ALERT: Ski Area Pipeline Construction Threatens Holy San Francisco Peaks



By Klee Benally – Indigenousaction.org

Flagstaff, AZ — Owners of Arizona Snowbowl ski area have begun moving pipeline and construction equipment to the base of the holy San Francisco Peaks, located in Northern Arizona. The Peaks are central to the ways of life of more than 13 Indigenous Nations.

Snowbowl owner Eric Borowski plans on starting the development today.

Although currently challenged by a legal appeal in the 9th Circuit Court, the US Department of Agriculture (USDA) has permitted the ski area to begin development.

The Coconino National Forest, headed by the USDA,  manages the Peaks as public lands. Snowbowl has operated under a special use permit since the 1980’s, which was initially challenged by Indigenous Nations and environmentalists all the way up to the Supreme Court.

According to the Forest Service, “Construction is anticipated to begin this month along a segment of Snowbowl Road. . . Snowbowl Road will remain open; however, delays and temporary closures will occur throughout the duration of construction, approximately five months.”
The Forest Service also stated that Snowbowl Road will be closed each day from 8 p.m. to 6 a.m.

For more than a dozen years Indigenous Nations, environmental activists, and concerned community members have worked together to protect the holy site and surrounding area from further ecological destruction, public health threats, and spiritual desecration.

Snowbowl’s development plans include clear-cutting 74 acres of rare alpine habitat that is home to threatened species, making new runs and lifts, adding more parking lots and building a 14.8 mile buried pipeline to transport up to 180 million gallons (per season) of wastewater to make artificial snow on 205 acres.

Snowbowl Construction Equipment located at Hwy 180 and Snowbowl Rd

The wastewater, which would be purchased from the City of Flagstaff, has been proven by biologists to contain harmful contaminants such as pharmaceuticals and hormones. In their Environmental Impact Statement the Forest Service did not consider the impact of ingesting waste water in the form of artificial snow or from the storage pond by humans and animals.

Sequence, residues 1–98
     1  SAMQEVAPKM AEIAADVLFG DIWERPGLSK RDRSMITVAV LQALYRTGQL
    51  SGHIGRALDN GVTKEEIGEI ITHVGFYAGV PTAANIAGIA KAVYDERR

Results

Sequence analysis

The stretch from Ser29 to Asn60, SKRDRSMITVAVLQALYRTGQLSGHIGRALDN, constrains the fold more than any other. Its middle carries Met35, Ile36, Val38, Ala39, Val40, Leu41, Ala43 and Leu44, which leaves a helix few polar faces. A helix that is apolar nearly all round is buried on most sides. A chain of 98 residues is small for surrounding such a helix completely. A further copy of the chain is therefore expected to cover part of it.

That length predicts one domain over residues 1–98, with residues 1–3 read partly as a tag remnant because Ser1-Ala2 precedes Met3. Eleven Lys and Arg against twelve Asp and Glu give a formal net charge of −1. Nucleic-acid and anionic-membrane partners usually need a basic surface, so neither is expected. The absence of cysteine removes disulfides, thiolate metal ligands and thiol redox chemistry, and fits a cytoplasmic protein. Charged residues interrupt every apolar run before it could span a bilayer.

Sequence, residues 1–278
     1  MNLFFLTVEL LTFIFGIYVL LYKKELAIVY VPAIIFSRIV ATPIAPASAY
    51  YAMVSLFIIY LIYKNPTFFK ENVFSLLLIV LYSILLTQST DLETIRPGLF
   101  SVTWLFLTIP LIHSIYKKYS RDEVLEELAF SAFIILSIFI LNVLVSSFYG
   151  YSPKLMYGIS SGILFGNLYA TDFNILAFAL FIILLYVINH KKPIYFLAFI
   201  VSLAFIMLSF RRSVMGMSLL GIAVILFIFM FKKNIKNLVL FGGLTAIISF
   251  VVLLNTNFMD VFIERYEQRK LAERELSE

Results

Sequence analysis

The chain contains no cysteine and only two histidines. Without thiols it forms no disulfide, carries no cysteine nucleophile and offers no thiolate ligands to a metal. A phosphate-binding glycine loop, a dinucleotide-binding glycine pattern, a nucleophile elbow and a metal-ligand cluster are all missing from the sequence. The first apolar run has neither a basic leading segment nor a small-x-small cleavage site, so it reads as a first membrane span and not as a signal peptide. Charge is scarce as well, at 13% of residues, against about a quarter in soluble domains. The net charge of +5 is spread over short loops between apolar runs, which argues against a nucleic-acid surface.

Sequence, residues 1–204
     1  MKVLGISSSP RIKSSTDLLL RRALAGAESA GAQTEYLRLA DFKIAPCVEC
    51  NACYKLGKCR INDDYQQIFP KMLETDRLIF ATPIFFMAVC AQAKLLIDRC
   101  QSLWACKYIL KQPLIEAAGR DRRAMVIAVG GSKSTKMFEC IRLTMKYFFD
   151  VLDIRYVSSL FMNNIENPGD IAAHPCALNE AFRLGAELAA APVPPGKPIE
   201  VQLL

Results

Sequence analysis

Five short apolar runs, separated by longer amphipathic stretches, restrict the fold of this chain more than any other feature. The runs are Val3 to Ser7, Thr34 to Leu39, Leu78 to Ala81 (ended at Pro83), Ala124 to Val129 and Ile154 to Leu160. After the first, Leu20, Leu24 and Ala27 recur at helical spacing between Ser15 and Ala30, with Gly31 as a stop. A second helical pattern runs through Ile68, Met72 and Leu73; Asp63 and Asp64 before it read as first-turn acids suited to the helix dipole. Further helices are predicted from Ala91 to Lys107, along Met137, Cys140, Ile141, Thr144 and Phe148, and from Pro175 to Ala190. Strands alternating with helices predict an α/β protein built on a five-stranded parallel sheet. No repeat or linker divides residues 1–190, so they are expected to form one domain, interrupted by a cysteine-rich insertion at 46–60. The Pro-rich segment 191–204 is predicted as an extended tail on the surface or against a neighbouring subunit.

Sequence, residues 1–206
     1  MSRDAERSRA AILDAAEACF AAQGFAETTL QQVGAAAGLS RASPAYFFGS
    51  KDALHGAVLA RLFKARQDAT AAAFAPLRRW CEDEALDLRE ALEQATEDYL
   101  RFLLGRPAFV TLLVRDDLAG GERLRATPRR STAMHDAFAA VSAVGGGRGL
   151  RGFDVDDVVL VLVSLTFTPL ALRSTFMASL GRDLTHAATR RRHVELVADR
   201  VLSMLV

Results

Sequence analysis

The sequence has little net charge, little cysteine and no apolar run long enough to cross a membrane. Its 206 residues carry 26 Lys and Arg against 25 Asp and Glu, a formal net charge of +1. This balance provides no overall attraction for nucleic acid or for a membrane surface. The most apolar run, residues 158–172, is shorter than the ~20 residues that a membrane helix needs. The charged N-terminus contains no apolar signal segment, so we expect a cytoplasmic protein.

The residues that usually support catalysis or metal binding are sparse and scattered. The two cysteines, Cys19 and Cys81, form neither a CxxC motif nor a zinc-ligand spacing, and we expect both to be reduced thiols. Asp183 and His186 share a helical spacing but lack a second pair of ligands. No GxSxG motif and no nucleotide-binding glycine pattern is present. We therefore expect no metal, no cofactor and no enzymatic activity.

This point is the basis of the Save the Peaks Coalition’s current lawsuit which is currently appealing a District Court decision in favor of Snowbowl’s proposed actions.

On April 1, 2011 the Ninth Circuit Court of Appeals denied an emergency motion by the Save the Peaks Coalition to stop Snowbowl ski area and the U.S. Department of Agriculture from cutting down approximately 30,000 trees.

In 2002, the Arizona Department of Environmental Quality, with no real public process, quietly decided to allow wastewater to be used for snowmaking purposes. Later that same year the Flagstaff Mayor and City Council signed a contract to allow the sale of sewage effluent for snowmaking on the holy mountain. The contract has since been renewed administratively, behind closed doors without any public input.

Snowbowl would be the only ski area in the world to use 100% wastewater for snowmaking purposes.

In 2010 Flagstaff City Manager Kevin Burke revealed a plan, secretly negotiated with the USDA, for use of Flagstaff’s drinking water instead of the sewage effluent. Snowbowl was offered 11 million tax payer’s dollars to subsidize the increased costs of using potable water. Stating that the US government believed drinking water snowmaking to be “less offensive” to Indigenous Nations, the plan was pushed without the consent of or any consultation with Indigenous Nations.

Facing overwhelming community and Tribal opposition, City of Flagstaff officials ultimately rejected the plan.

Following the failed attempt to use drinking water the USDA, while still aggressively battling the Save the Peaks Coalition in court, began listening sessions to hear Indigenous Peoples concerns on the protection of sacred places. Ironically, the sessions were initiated in part due to the Peaks controversy.
The USDA is expected to issue a report for policy changes sometime this year.

In response to threat of development, more than 150 people rallied outside of Flagstaff City Hall and held a march for protection of the holy San Francisco Peaks on April 16th.



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